Just three months before principal photography was set to begin, director Punit Malhotra hit the brakes on Student of the Year 2. He had Tiger Shroff and he had a story, he had producer Karan Johar’s encouragement, but Malhotra’s instinct was that the script needed reworking.
The six years between making his sophomore film Gori Tere Pyaar Mein in 2013 and being handed the baton on the sequel to Student of the Year (2012) had given Malhotra plenty of pause to reflect and re-evaluate, and he knew he needed to get this right. Only when the script was where he wanted it was when Malhotra regrouped with Shroff and newbies Tara Sutaria and Ananya Panday to make Student of the Year 2.
The window dressing remains frothy and candy-coloured with an emphasis on style, but Malhotra hopes that once the audience peels off the designer wrapping, there is substance in the high school musical drama. Excerpts from an interview.
Describe the experience of making your third film, the second in this franchise?
When we pulled the plug just three months before shooting, we did so because we felt it was not the right film. We went back to the drawing board to rewrite. Not only did we want to do justice to Tiger, but also to the franchise. We wanted to make a film that was entertaining and not preachy.
In the time off between my movies, I got clarity on a lot of things and yes, the insecurity of needing to do this right, was one of the reasons. It was hard to make that decision after working on the script for a year, but I think it was the smarter move.
And now, days before the film’s release, how you feel?
I am very excited. We have worked really hard on this one, and I want it to be successful. There is a perception that Student is fun and froth, but I believe it has a lot more meaning. St Theresa is bubble-gum and candyfloss but the other side, that comes from Pishorilal Chamandas college, that is the real film. When you see the film in totality, there is far more than what you might expect. The message is universal: follow your dreams and do what it takes to achieve them.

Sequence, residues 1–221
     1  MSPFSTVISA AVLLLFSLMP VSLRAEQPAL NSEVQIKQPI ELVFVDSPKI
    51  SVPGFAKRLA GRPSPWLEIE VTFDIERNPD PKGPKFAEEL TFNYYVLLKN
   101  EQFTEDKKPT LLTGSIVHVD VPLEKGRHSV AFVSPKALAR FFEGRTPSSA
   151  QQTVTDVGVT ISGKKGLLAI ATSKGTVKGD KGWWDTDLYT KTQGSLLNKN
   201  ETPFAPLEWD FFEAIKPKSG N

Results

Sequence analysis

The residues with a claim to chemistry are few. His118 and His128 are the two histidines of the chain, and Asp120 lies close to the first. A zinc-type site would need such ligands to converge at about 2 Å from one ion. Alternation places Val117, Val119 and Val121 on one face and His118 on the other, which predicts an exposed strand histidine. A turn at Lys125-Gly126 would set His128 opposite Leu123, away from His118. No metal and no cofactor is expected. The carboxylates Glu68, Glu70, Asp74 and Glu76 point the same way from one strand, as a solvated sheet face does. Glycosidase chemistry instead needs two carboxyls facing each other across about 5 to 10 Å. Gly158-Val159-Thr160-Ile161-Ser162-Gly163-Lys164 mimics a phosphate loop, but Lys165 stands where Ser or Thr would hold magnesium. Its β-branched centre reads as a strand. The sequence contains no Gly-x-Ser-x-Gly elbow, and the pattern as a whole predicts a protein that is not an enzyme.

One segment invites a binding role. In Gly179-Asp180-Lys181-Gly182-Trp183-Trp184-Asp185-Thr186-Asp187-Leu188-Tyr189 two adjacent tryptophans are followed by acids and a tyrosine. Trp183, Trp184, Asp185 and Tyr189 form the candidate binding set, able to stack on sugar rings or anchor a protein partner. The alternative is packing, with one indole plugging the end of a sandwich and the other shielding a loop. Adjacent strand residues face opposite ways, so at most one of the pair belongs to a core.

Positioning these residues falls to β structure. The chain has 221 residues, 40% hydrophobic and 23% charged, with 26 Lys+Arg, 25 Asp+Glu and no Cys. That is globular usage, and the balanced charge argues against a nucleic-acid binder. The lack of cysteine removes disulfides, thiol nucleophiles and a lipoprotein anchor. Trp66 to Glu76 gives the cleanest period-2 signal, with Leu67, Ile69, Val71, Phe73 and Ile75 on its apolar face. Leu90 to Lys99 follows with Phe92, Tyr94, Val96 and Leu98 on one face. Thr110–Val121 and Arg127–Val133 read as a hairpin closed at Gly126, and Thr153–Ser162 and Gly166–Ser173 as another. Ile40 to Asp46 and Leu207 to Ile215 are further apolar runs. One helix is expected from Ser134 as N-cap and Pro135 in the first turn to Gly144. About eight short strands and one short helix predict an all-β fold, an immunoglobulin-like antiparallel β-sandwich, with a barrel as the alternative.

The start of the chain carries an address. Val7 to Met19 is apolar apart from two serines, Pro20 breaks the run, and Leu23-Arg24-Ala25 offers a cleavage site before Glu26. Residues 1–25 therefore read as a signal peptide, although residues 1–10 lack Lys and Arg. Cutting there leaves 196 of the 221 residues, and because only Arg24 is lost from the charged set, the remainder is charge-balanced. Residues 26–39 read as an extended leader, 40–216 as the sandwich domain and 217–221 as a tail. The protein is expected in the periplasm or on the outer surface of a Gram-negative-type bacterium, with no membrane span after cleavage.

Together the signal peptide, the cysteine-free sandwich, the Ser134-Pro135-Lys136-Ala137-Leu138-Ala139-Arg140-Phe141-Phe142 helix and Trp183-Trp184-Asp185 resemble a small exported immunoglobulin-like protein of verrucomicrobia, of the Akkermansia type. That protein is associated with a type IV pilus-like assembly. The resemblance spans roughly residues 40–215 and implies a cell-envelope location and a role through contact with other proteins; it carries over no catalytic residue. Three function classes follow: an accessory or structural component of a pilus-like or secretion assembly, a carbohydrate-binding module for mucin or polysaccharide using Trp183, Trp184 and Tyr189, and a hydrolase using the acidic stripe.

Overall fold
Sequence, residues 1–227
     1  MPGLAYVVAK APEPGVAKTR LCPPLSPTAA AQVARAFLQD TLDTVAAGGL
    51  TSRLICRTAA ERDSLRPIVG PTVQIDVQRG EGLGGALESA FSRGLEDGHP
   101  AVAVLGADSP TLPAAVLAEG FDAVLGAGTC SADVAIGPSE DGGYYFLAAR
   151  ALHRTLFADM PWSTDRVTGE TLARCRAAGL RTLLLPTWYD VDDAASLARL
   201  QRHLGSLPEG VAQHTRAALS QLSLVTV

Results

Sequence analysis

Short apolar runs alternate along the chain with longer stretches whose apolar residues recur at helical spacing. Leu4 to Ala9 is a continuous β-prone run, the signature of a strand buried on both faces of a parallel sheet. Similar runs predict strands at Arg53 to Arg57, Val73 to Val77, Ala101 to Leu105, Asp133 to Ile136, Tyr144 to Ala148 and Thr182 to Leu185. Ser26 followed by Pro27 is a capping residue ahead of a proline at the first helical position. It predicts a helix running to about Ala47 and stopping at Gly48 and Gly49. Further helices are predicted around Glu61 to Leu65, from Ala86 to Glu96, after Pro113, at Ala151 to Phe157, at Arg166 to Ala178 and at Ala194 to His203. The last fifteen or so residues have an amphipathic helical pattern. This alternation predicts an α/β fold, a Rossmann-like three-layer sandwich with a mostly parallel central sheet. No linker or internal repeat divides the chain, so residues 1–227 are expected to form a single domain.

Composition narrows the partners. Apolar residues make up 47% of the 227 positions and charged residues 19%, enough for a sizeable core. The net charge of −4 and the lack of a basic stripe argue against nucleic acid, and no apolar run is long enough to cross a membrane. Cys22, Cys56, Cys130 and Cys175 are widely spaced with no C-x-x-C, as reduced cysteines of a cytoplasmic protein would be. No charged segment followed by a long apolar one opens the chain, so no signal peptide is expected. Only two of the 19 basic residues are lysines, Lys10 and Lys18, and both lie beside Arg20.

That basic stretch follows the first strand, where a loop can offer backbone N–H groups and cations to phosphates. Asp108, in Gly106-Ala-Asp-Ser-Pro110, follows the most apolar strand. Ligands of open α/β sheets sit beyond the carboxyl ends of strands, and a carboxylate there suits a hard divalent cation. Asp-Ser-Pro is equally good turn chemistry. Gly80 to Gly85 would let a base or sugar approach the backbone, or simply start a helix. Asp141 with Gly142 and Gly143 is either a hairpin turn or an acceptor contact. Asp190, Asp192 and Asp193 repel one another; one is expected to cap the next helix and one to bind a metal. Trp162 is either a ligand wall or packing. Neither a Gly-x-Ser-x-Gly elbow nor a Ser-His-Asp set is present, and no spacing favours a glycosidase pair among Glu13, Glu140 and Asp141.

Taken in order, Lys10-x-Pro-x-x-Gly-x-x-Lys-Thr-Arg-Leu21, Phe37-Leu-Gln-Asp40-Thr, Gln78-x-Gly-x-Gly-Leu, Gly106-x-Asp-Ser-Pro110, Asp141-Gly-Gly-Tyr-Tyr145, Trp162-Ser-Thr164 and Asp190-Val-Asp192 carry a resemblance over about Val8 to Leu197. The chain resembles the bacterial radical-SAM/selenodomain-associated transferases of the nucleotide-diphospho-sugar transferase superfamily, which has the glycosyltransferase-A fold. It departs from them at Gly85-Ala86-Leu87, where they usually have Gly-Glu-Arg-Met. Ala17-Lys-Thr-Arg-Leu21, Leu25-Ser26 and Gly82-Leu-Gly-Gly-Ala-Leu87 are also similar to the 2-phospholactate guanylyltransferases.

Many filmmakers have hits and flops, so why did the fate of ‘Gori Tere Pyaar Mein’ affect you so greatly?
Maybe it was because it was my second film, but also we didn’t expect it to go down the way it did. It was disheartening to see that no one took to it. We were not prepared for that. I was very depressed and not ready to jump back into work for a while.
Along with the heartbreak that followed came re-evaluation. When you hit rock bottom, the only way to go is up. You have to go through the beats of the journey, and that’s what I did. And then Karan offered me Student of the Year.
On the one hand, you have Tiger Shroff, a star with his action and dance skills, and on the other, you have two first-timers. What was it like working with freshers Ananya and Tara?
I knew I had a job to do. We did go through the beats of grooming – dance, diction and costume trials. I did mollycoddle them on set. We went ahead to Mussoorie 10 days before shooting to acclimatise them to a set – teach them how to face the lights etc. The biggest thing was that we were friends and there was no hierarchy on set.
Was it easy connecting with millennials?
It was very tricky. I had to really work on that and hang out with younger people. I hung out with Ananya to get into her head, to understand how she talks, what are her likes and dislikes. It helped me tweak body language and reactions.
I had a major issue with the costumes and clothes till Manish [Malhotra] sent me pictures of how young people dress today. That’s when I realised that I am a generation older and needed to adapt.
Tiger Shroff and Aditya Seal look a bit old to be in these educational establishments.
The girls are first years, but the boys are closer to graduation and they are athletes, which means they are bulkier.
That response suggests you were ready for this question.
Student of the Year is the kind of film people enjoy criticising, so we had to have our bases covered. It’s true that when you start to write a breezy high school film, it can become very frivolous, but it needs to be fun. People say that none of these students ever seems to study, but we are not promoting one kind of education alone. We are promoting sport, in this case kabaddi, and the competition we show is outside the classroom.
Having said that, if a third film happens, I hope we can change perceptions – maybe set it in a new school altogether.